In a multi-radio environment, Mesh Points (MPs) should be able to intelligently select its radio links such that its link towards a Mesh Point Root (MPR) is different (non-overlapping) than two of its previous hop wireless neighbors (if present). Further, the MP can then use alternate interfaces to receive and forward mesh traffic.

Pipelining is a technique wherein a mesh point (MP) intelligently selects its radio links to its mesh point root (MPR) such that its link towards its MPR is different (non-overlapping) than two of its previous hop wireless neighbors (if present) and use alternate interfaces to receive and forward mesh traffic. Pipelining could be provided either through manual or auto configuration. In some embodiments described herein, an auto configuration mode of pipelining is provided.

Auto Configuration

FIG. 3 illustrates a Hello message frame format 300 to support auto configuration for pipelining. As illustrated, the Hello message frame format 300, for example, in an 802.11 Radio Interface, includes a number of frames and fields as described herein below.

The version number 305 identifies the version of the Hello message. The reserved field 310 is sent as a zero (0) and ignored on reception. The S field 315 indicates if the current interface (i.e. the communication link) is being used to reach a MPR. The I field 320 indicates if the MP is an MPR. The Pr field 325 indicates if the MP supports Proxies. The GS field 330 indicates if the MP is a Geo Server. The RP field 335 indicates the Routing Preference of the MP. Higher values indicate a more desirable MP for routing traffic. The M field 340 is a Mobility bit to differentiate a mobile MP and a static MP.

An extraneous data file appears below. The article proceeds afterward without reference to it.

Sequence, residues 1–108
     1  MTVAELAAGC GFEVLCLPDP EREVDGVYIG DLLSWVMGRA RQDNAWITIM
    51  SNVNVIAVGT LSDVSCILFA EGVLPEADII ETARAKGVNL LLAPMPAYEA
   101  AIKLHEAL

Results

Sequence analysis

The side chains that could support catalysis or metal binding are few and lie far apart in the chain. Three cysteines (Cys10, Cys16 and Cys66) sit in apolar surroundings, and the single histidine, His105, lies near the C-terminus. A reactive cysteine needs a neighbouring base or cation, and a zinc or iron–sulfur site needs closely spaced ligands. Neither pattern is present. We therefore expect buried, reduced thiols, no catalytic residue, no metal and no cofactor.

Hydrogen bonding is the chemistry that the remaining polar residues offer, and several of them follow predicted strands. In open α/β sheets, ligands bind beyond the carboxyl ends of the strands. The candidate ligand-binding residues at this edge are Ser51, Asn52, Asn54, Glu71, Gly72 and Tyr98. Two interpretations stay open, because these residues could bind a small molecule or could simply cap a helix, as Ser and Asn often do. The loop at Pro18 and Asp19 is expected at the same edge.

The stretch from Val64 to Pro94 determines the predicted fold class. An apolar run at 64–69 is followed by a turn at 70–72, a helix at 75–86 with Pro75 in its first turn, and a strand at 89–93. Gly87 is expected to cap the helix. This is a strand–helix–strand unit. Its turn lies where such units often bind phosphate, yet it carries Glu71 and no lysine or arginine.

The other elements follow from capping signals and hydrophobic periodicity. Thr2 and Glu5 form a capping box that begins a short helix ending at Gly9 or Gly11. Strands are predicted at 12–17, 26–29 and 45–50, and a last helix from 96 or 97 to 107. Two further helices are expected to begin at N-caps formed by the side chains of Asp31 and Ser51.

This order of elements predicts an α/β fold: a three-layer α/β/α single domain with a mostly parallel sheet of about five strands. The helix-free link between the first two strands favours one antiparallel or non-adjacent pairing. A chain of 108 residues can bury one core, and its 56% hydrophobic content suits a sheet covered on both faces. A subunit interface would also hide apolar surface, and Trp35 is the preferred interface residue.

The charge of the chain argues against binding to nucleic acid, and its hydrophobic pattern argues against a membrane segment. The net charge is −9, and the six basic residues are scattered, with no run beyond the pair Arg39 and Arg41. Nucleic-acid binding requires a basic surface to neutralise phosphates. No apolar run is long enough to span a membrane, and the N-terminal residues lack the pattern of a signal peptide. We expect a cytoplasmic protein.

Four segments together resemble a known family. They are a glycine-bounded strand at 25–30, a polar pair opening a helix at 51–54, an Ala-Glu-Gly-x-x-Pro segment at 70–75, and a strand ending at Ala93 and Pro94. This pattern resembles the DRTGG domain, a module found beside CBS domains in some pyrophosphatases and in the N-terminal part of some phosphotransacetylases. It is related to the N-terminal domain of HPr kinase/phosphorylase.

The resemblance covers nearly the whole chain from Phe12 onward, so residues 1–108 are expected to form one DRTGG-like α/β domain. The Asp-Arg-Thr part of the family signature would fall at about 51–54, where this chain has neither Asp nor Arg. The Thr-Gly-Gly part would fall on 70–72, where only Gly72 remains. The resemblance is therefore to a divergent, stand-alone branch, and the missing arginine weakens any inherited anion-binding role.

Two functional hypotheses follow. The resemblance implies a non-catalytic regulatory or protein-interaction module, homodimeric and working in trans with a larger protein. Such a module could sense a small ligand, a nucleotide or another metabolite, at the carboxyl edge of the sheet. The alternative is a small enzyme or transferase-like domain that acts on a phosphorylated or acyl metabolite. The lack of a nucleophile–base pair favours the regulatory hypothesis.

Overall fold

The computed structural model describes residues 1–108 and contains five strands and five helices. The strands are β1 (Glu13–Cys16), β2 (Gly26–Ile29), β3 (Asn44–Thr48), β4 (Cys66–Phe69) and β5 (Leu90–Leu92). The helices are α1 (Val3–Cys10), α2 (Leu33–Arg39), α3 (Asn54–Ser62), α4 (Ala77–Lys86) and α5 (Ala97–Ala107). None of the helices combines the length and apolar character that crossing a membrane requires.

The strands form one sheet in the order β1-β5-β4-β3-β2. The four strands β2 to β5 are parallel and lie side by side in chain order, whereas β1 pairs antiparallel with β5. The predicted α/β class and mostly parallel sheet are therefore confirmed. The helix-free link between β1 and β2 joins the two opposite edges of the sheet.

The Hello message frame format 300 further includes a Hops to MPR (8 bits) 345 which is the number of hops to the associated MPR. The Routing Metrics (16 bits) 350 is the routing metrics to the associated MPP. The associated MPP MP-ID (48 bits) 355 is the MP-ID of the MPR which the source is associated with. The MP-ID of next hop towards the associated MPR (48 bits) 360 is the MP-ID of the next hop to the current associated MPR. The Sender MP-ID 365 is the transmitter MP-ID. The Routing Domain (48 bits) 370 is the routing domain to identify the preferred handoff domain, e.g. the same subnet is the preferred handoff domain. It is for the handoff bias calculation.

In auto configuration mode, each MP tries to facilitate a different channel of operation compared to its two previous hop wireless neighbors towards a MPR. To do so, Hello frames sent from each MP includes a field (S bit) to indicate if the MP is currently using the link to reach MPR. It is optional for an MP to include the corresponding link metric information in Hellos.

In addition, to support pipelining over wired links, the Hello frame may include PH1 and PH2 option fields. In this case, PH1 and PH2 option will carry the channel information of two of its previous hop wireless neighbors. This way if the meshing is extended to the wired side, the next wireless link can avoid link specified by PH1 and PH2 options.